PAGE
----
Everyone who starts a business wants to be successful, and law firms are no exception. Just like a typical business, law firms should be focusing on market needs and key performance indicators (KPIs) to ensure the growth of their business.
If you’re going to achieve your goals, you’re going to need to identify what those goals are. After all, “making more money” might be a good start, but if you don’t know what will drive that, then how can you quantify growth? To ensure greater margins of success, make sure the KPIs reflect your firm’s specific goals, are crucial to a firm’s success, and are quantifiable. Here are a few KPIs that would be a great starting point.
As the name suggests, this is any amount of time worked that is not billed to a customer. Perhaps this is research, or the initial client meeting, or any other work completed that is not listed in the contract with a client. This time exists as time that must pay lawyers or interns or secretaries, and this time also isn’t building a profit. Therefore, law firms need to make sure that all of their unbilled time is accounted for when considering profits and performance.
These are days which are billed to a client, but have not been collected. Either these are expected to be collected at a later date, or a bill that was dropped by a client. Whatever the case may be, it’s a hard fact of business that not all work comes with pay. The best way to cope with this sort of financial KPI is to plan ahead. Track hours that are paid, hours that are not paid, work with customers ahead of time to plan payments and do not allow your firm members to work past an agreed and paid upon time.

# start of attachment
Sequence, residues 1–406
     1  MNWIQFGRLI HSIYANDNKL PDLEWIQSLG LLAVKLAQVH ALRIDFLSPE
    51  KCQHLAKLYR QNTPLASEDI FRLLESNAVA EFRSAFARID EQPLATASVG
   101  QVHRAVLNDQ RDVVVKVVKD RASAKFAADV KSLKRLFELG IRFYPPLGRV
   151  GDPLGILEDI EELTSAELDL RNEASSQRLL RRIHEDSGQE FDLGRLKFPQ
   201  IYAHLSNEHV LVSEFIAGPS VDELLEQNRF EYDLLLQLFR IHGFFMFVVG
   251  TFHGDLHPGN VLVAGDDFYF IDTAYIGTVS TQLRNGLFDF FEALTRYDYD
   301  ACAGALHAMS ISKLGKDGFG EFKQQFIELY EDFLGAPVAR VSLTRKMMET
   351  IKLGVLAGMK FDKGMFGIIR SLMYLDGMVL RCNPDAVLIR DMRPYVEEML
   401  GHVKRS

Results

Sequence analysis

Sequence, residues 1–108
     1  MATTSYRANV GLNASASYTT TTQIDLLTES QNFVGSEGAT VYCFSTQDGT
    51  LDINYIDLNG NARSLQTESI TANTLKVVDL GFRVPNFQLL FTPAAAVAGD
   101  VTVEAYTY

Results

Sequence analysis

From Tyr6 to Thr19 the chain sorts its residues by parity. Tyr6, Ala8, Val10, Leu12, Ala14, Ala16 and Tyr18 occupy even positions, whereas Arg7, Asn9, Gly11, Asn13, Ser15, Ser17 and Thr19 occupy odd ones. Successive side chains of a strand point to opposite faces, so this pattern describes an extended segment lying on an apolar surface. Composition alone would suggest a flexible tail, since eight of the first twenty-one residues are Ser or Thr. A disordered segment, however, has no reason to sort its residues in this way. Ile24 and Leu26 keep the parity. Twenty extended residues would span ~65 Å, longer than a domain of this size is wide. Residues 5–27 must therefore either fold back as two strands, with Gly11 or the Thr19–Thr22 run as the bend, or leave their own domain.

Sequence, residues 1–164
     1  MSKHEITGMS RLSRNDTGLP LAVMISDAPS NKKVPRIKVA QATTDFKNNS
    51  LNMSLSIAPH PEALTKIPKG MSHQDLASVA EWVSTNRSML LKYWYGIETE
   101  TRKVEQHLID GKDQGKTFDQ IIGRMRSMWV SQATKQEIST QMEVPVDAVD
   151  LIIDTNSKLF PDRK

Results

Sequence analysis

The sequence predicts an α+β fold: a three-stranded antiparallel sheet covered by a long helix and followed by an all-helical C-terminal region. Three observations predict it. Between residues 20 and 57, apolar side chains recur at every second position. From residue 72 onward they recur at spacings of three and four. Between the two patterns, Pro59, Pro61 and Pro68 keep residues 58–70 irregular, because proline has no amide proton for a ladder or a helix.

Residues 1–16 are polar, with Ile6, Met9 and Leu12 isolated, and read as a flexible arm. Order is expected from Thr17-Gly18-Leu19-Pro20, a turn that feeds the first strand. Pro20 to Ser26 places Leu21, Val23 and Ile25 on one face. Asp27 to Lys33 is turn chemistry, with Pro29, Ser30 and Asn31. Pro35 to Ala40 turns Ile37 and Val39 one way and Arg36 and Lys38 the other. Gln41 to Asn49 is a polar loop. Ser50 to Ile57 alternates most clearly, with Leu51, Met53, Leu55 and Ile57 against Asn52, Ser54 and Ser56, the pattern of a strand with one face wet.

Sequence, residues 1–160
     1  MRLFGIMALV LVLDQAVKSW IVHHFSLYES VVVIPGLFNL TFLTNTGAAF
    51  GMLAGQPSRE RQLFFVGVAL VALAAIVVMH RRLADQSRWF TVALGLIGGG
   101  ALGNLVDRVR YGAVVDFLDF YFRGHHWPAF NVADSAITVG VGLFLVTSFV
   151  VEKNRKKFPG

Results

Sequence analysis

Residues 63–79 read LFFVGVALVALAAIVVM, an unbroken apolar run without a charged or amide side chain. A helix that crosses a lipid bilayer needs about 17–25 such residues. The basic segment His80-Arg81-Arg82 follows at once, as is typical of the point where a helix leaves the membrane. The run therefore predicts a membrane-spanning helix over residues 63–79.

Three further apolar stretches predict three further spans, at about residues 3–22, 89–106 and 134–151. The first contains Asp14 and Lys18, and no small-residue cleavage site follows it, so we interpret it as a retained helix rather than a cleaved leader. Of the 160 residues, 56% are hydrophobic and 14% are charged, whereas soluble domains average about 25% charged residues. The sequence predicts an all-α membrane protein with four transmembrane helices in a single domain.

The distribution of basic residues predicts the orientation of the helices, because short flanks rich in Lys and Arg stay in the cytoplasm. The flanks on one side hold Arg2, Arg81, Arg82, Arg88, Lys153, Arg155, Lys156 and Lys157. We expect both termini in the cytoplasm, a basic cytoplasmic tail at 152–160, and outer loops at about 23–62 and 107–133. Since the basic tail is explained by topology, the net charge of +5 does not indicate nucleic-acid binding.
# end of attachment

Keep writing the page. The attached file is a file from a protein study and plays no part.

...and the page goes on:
Staffing seems to be an obvious matter to focus on for increasing performance, but it’s also often overlooked. In a law firm this can especially be true because the ratio is not always one lawyer to one client, so how is this addressed? Consider your company and what you’d like to be your focus, as well as the clients that are being marketed towards. Decide how many lawyers you believe fit to handle each individual client, and set a cap so that you can always manage the ratio of work per payment. This is a somewhat difficult balance, because you have to balance the needs of the client and the needs of your employees. Solid advice to always follow here is open communication. Listen to clients, listed to staff, and make sure the balance is as it should be.
Number of Open Cases
Quality not quantity should be the main focus on a law firm, or the reputation may suffer. If there are too many open cases then the firm may look like it doesn’t know how to close a case. However, too few open and the revenue is restricted. How many cases are needed to sustain your employees, and set aside reserves for business growth?